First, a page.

It offers the perfect way for grandparents to help cover college costs. And aunts, uncles, neighbors, and cousins once removed, for that matter.
Invest Through a Taxable Brokerage Account
We all love minimizing our tax bill. But sometimes flexibility counts for more than saving a little extra money. The simple fact is that your life, needs, finances, and goals will all look radically different in two decades. You can’t necessarily predict any of them that far in advance.
If you don’t have one already, open a free brokerage account and just start investing. If you don’t know what to invest in, open an account with a robo-advisor that chooses ideal investments for someone with your goals, risk tolerance, and age.
This account helps you build wealth automatically in the background each month without having to designate a use for it. Years from now, you can decide whether to chip in toward your kids’ tuition or leave your investment balance to grow for your retirement.
Invest in Real Estate
Imagine that the year your child is born, you buy a rental property. Over the next 18 years, you gradually pay down the mortgage, and your monthly payment toward it remains fixed, even as inflation drives the rent higher.
What started as a $20,000 down payment and $150 a month in cash flow could balloon to $200,000 in equity and $1,500 in monthly cash flow over the next two decades.
Between now and then, you could reinvest the profits into a 529 plan. You could then sell the property to cover any remaining tuition costs — or you could keep the golden goose and collect rental income in retirement.
Alternatively, consider another strategy. Your child turns 15 and doesn’t have a summer job, so you decide to “partner” with them on a house flip. You look at houses together, make offers, negotiate contracts, and buy one. You roll up your sleeves together and renovate the property, with the help of contractors as you need them.
Then, you market and sell the property for a tidy profit. You deposit that windfall into their 529 plan. Prepare to pay short-term capital gains taxes on those profits, but you may be able to dilute them through your partnership with your child, who sits in a lower tax bracket than you do.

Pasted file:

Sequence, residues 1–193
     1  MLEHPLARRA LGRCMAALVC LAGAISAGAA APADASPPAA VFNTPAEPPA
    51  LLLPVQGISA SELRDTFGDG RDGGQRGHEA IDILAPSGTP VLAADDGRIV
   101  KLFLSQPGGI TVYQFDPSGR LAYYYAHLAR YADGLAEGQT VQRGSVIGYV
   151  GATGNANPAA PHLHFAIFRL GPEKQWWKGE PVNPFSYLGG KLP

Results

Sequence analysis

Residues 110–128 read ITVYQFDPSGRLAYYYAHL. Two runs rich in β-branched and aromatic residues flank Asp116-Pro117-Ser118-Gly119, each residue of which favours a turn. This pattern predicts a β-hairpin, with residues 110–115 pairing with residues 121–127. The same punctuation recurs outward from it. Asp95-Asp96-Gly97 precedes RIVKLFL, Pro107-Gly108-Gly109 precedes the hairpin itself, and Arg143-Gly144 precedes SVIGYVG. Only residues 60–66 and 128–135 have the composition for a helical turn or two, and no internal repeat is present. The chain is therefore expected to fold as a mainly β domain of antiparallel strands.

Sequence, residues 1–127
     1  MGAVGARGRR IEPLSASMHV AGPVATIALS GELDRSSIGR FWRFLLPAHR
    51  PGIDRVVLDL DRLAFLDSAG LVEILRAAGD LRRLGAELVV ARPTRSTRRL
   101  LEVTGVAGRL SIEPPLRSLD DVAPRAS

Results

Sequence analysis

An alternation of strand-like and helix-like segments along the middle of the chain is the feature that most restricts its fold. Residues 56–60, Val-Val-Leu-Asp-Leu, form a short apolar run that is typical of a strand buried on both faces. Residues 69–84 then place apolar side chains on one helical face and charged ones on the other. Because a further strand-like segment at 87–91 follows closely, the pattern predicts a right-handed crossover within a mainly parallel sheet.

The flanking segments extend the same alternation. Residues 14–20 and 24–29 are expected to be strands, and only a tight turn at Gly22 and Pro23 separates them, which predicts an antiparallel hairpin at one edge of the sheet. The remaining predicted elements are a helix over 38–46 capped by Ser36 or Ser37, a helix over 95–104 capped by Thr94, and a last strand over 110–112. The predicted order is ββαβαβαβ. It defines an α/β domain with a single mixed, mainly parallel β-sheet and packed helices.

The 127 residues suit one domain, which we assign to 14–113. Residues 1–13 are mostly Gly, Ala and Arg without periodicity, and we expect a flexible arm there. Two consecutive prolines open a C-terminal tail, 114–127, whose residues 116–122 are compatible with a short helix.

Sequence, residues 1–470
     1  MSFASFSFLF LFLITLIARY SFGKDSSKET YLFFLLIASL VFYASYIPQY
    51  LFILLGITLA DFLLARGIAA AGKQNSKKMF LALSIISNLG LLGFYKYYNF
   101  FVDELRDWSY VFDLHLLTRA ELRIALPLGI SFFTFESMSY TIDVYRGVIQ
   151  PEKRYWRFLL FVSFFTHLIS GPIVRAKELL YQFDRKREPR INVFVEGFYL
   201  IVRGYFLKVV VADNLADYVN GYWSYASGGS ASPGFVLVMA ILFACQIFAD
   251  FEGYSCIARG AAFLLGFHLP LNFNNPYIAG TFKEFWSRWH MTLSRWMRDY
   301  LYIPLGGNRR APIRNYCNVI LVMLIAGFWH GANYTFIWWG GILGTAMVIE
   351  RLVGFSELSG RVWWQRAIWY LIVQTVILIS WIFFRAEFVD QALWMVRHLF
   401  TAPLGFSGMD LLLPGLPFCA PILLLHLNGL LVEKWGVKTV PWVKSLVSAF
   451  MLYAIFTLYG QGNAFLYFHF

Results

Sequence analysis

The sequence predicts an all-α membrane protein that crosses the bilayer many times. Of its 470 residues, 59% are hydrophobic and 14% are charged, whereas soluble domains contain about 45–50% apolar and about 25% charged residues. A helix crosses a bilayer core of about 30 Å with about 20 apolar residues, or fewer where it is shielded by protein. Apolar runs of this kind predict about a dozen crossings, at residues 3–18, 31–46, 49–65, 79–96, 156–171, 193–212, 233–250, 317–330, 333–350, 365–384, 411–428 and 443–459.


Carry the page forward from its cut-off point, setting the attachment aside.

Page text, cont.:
After renovating the property, you could choose to keep it as a rental rather than selling. In that case, the cash flow can go directly into your child’s 529 plan, then toward tuition payments, and finally toward your retirement after they graduate.
Over the next few summers, you and your child collaborate on more deals together, all the while teaching them valuable skills like negotiation, home repairs, and managing contractors. Most of all, you teach them an investment mindset.
Finally, know that each state imposes its own limit on lifetime 529 plan contributions. Flip enough houses with your child, and you might just reach it.
When in doubt, talk it out — but not with just anybody. If you have nagging questions about saving for the future, sit down with a certified financial planner and ask away.
Your financial planner can work with you on a customized plan for your personal financial goals. Based on your income, retirement funds, and personal finances, they’ll help you save and invest enough for retirement, while also setting aside some money for your child’s college education.
I’ve discovered that the same mindset and lifestyle that helps you reach financial independence can also put you in a position to help your kids with college. A high savings rate, aggressive investment strategy, diverse passive income streams, and flexible active income all help position you to both replace your 9-5 job and have enough money to chip in towards tuition.
Consider many of the same FIRE investing strategies to help you contribute towards your kids’ tuition, not just ditch your day job.